Period pains

Period pains

Dysmenorrhea, or commonly known as menstrual or period pain, is the most common menstrual symptom among adolescent girls and young women. Unfortunately, it is often not recognized by patients nor doctors; hence it is not treated.

This condition is extremely common. Most teenagers that suffer from period pains suffer from what is called primary dysmenorrhea, which means they have painful menstruation without any pelvic disease.

Why are there periods painful?

Menstrual pain usually starts 6 to 24 months after girls get their first period, called menarche. The pain is known to happen because of an overproduction of prostaglandin, a hormone that increases the movement of the uterus, therefore generating pain.


Most teens refer to a classic pattern of pain and discomfort, like cramps, in the lower abdomen, usually days before their periods start and during menstruation. The pain can be so intense that it extends to the back and sometimes the thighs.

Patients can present systemic symptoms such as diarrhea, nausea, and vomiting. When manifestations get to this degree, most doctors and even patients don’t believe it’s all because menstrual pain and try to look for other underlying causes, when in reality, it is just painful periods that get very severe.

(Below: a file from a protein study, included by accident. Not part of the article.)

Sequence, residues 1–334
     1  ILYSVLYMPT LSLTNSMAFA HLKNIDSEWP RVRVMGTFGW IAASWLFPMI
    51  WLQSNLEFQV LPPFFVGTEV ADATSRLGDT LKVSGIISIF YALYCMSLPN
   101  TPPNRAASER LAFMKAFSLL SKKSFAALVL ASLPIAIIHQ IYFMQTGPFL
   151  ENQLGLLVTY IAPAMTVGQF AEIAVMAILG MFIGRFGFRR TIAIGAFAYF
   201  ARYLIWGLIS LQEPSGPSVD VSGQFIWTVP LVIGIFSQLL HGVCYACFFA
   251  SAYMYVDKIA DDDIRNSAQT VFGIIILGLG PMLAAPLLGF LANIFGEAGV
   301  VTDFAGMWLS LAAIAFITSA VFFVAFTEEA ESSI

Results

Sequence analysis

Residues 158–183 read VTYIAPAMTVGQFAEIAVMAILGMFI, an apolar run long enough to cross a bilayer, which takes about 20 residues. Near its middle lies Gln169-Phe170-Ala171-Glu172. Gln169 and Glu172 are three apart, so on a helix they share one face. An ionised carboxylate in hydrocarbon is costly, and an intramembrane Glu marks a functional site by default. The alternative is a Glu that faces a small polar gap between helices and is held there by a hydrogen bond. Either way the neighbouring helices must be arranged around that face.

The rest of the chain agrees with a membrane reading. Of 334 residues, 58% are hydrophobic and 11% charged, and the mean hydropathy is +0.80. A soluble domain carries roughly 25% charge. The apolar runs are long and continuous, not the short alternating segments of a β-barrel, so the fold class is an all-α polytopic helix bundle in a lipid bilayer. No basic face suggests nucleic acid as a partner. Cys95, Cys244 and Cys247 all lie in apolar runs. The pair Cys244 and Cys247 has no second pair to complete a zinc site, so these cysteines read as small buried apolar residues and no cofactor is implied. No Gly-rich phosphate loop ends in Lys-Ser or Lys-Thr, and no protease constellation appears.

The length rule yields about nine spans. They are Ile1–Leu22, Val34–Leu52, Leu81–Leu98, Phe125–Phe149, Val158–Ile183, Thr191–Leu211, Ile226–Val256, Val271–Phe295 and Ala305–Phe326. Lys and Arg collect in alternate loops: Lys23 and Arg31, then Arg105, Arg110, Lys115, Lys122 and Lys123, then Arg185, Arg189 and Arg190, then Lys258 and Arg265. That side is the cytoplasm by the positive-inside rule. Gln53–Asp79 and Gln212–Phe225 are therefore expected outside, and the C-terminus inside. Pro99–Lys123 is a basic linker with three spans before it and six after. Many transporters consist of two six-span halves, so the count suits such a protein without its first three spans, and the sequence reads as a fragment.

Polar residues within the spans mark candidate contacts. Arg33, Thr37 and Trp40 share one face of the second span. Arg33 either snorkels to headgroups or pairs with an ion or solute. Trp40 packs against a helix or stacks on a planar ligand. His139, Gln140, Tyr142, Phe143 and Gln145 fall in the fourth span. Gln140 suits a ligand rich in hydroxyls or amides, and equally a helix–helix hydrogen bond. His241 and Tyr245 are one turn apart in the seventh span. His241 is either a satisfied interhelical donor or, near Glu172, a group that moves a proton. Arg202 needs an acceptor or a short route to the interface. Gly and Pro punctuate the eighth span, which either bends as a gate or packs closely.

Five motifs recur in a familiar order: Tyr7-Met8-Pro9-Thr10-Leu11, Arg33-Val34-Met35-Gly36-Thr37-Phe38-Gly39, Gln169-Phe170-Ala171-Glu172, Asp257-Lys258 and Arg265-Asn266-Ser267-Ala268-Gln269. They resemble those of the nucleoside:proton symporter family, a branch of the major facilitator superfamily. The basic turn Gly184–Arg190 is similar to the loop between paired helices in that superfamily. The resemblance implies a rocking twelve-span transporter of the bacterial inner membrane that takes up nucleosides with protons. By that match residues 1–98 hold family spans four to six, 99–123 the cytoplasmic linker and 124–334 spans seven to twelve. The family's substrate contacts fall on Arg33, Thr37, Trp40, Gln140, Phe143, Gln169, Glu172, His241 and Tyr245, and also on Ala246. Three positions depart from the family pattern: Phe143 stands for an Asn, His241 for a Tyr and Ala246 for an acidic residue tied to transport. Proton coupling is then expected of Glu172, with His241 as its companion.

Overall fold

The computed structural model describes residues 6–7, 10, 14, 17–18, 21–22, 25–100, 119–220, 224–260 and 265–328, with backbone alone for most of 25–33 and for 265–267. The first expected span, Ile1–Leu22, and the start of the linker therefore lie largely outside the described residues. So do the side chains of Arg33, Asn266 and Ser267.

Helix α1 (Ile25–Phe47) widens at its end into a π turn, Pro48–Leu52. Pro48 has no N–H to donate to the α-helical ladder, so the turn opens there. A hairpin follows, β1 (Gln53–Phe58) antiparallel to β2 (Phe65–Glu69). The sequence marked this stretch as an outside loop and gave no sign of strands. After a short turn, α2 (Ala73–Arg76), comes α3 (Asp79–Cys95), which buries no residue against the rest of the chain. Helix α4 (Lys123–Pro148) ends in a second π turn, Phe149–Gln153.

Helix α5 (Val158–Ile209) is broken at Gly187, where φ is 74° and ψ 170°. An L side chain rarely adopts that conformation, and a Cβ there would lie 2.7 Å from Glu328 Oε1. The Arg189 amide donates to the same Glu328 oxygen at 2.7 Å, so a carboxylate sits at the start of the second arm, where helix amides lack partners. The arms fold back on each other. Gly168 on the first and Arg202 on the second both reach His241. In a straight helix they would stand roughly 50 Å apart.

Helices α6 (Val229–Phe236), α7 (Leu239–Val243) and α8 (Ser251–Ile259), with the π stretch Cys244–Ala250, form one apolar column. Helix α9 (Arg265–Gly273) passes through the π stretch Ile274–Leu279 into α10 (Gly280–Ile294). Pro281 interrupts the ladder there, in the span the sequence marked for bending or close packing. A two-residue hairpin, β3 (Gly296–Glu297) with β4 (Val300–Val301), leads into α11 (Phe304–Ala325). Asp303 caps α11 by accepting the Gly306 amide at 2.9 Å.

Missing the diagnosis for period pains may result in young girls and women missing school or work because they don’t get the proper treatment. A doctor must ask all the necessary questions to get a detailed patient and family history. If you need to ask for your symptoms, don’t hesitate to enter VirtualMD, and a professional will assist you.

Generally, a pelvic examination is not necessary unless there is suspicion of secondary dysmenorrhea, which is painful periods due to a pelvic disease, such as endometriosis. This diagnosis will require further evaluation and different treatment.

Secondary dysmenorrhea

As mentioned before, this cause of period pains is less common but still very present in everyday women’s lives. What patients refer is progressively increasing pain every time since menarche.

The pain may occur outside the menstrual cycle or when the person is not bleeding, and it is not relieved with typical pain killers. Also, for these patients, it is common to have a family history of secondary dysmenorrhea, like endometriosis, associated with the diagnosis.


Once a patient meets the criteria for period pains, treatment must be started. The first choice for primary dysmenorrhea is nonsteroidal anti-inflammatory drugs (NSAIDs) such as ibuprofen because they will interrupt the production of prostaglandins.

What’s recommended is to take the pain reliever drug even two days before the onset of menses, and maintain low doses of it on a scheduled basis through the first days of bleeding.

There are cases in which some women might not respond to therapy with NSAIDs, and hormonal medication could be prescribed. This should always be done under supervision by a healthcare provider.

For more information or questions on this condition, feel free to call us at 1-800-594-0537, and a doctor will be glad to help you.